So the gradient of that line tells you how much solar sales increased over 2020 compared to the years before. You’d expect the Victorian line, which is the blue one here between 2019 and 2020 to be steeper than the rest.

But look! It’s parallel or even shallower than all the other states. Orange is New South Wales, yellow is Queensland, blue is Victoria, brown is WA and light blue is SA. So it doesn’t matter whether they are relative. The relative position on the graph is basically about population. It’s the gradient of the line you’re looking at. And as you can see, Victoria, if anything, the growth was a bit less than most of the states.

So what’s that graph telling us? It’s telling us, as far as I can see, that the Victorian rebate had no effect on solar demand in Victoria. It was a buoyant market, people are going to buy the systems anyway.

The systems, if it did make them a bit cheaper – which is questionable, didn’t affect how many people took it up because people had big bills, they could see the value. Just like all the other Australians in the other states and territories, the growth trajectory continued anyway.

Now, this is interesting because in the conclusion to the big report, the Auditor General says Solar Victoria is not yet able to report to what extent it has reduced consumer’s power bills and their carbon emissions through this $1.3 billion investment. That’s $1.3 billion of Victorian taxpayers’ money.

Net Value Of Victoria’s Solar Panel Rebate?

So in the near future, you’re going to see an announcement from Solar Victoria. And guess what they’re going to do. I reckon and I’m pretty confident they will look at every rebated system that was sold in Victoria, and they’re going to claim the electricity savings and the carbon emission savings from those systems.

They shouldn’t be able to do that because as you can see by the graph, people were going to buy those systems anyway. So I would like to hypothesize that the net value to Australia and Victoria of the $1.3 billion solar home system [Solar Homes Program] rounds down to zero.

About Michael Bloch

Michael caught the solar power bug after purchasing components to cobble together a small off-grid PV system in 2008. He's been reporting on Australian and international solar energy news ever since.

Comments

  1. Ian Thompson says

    Yes – makes me think the same may be said about some Covid shot ‘incentives’ being proposed – many will wait until they see what they will get as a benefit…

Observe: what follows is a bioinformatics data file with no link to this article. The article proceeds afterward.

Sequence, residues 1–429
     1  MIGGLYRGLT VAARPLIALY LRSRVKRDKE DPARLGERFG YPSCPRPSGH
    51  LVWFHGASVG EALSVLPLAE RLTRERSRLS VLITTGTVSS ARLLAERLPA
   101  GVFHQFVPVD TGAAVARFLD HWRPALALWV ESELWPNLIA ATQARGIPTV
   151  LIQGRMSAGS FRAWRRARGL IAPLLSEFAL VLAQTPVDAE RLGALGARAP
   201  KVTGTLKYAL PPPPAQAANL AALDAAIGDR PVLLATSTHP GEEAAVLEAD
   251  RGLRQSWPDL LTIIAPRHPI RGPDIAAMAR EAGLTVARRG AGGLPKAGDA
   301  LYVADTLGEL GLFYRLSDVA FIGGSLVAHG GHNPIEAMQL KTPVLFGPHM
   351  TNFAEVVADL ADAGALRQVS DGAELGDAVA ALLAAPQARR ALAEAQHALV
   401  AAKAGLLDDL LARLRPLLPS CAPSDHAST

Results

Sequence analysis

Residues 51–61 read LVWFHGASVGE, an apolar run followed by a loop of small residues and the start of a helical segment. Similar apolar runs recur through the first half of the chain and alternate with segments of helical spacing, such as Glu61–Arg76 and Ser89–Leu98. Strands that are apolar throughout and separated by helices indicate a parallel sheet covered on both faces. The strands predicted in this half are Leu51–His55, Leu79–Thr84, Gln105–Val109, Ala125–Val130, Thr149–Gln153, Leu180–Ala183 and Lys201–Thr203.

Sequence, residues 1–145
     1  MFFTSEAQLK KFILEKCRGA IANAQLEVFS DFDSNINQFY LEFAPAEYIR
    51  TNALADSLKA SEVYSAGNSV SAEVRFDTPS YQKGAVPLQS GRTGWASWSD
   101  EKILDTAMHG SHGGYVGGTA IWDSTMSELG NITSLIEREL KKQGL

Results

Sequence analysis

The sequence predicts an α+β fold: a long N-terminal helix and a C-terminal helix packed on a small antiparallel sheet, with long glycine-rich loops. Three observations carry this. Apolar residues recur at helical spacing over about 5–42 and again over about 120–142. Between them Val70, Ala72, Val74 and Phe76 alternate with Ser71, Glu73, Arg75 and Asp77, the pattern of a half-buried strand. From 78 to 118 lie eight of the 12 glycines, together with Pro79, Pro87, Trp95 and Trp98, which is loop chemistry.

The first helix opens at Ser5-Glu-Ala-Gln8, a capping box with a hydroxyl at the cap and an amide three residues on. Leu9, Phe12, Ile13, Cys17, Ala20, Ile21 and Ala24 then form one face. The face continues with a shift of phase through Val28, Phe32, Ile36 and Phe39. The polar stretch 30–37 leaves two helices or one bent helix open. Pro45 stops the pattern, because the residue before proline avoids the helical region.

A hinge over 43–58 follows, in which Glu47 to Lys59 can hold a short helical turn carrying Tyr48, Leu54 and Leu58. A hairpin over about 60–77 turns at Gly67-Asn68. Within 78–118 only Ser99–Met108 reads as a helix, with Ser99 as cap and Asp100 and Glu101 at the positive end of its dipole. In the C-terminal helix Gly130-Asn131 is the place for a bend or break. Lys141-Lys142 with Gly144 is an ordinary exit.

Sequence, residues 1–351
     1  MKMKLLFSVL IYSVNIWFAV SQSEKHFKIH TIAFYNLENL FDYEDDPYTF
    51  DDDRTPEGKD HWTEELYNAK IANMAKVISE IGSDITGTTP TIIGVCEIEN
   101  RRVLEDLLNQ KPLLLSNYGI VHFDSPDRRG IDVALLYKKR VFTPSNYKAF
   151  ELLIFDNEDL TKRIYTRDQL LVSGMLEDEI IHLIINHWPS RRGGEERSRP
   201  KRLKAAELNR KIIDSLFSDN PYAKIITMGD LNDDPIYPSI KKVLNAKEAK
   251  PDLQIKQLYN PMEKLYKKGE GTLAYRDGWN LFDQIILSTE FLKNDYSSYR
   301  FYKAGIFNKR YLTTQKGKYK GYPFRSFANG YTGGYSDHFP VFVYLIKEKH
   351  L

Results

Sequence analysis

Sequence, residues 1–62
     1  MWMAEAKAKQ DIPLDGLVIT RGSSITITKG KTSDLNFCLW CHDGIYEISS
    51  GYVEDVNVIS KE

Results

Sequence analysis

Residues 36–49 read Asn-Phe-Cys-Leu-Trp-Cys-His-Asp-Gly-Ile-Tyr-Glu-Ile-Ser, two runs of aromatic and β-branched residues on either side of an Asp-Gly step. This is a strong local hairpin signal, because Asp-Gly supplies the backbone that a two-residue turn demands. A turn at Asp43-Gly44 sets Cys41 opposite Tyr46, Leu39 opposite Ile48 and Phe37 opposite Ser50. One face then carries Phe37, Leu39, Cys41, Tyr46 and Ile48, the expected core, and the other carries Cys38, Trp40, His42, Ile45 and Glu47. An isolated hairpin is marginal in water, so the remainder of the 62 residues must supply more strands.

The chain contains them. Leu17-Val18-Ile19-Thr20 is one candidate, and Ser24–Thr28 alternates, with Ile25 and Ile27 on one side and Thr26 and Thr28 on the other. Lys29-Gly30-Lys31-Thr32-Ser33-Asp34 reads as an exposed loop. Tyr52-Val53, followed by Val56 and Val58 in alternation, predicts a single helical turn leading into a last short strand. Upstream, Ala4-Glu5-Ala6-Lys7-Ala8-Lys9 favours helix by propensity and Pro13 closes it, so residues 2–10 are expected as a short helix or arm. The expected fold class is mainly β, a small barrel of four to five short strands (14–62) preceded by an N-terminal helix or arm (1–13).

Any, many like me have ‘missed out’, as we’ve already had the shots.

    Makes me think that many in Government just don’t understand human nature – and the complacency of many.

  2. Bob Johnson says

    Well analysed and commented, Michael. Sounds like some politicians having a light bulb (obviously LED) moment and rushing in without proper consultation and consideration. They have blown a lot of taxpayers money but, as you say, are certain to spruik this a s a big win in the future.

  3. James Henshelwood says

    The conclusion that people are going to buy the systems anyway is a generalisation. In fact, my daughter only installed a solar system in her new house because of the government assistance package. I am sure there would have been others in the same position.

    • My hypothesis is based on the real demand numbers from other states – i.e. the graph in the video. Do you really think Victorian solar buyers (as a whole) would have behaved differently to solar buyers from every other state in Australia?

      Yes – there will be Victorians who bought solar because of the Vic rebate – but there are many Victorians who are not eligible for the Vic rebate who did not buy solar because the VIC rebate pushed up prices for non-rebated VIC systems by – in my estimate – at least $1000. The *net* effect is that Victorian demand growth was similar to states without a local rebate – so the VIC rebate was a waste of your taxes. I would argue it did more harm than good.

  4. Geoff Hall says

    I live in Victoria.
    There is no way I would have installed Solar without the generous Vic.Rebate which resulted in my 6.6kW costing $2,450 instead of $6,500.
    Unfortunately the way Electricity providers are increasing their rates on people who have Solar installed I think it may only be a 5 Year benefit but that will still be a rather short term positive result. Due to cots I believe Battery installation is a long way off for the average person.
    Had the Govt.Rebates not been available there is no way I would have parted with $6,000+.

  5. I live in Victoria too and I would have surely not installed Solar without the VIC Rebate with 6.6kW costing under $2500.

    Win win for everyone with quick ROI and green energy to grid. I think the graph would have been more flatter without this.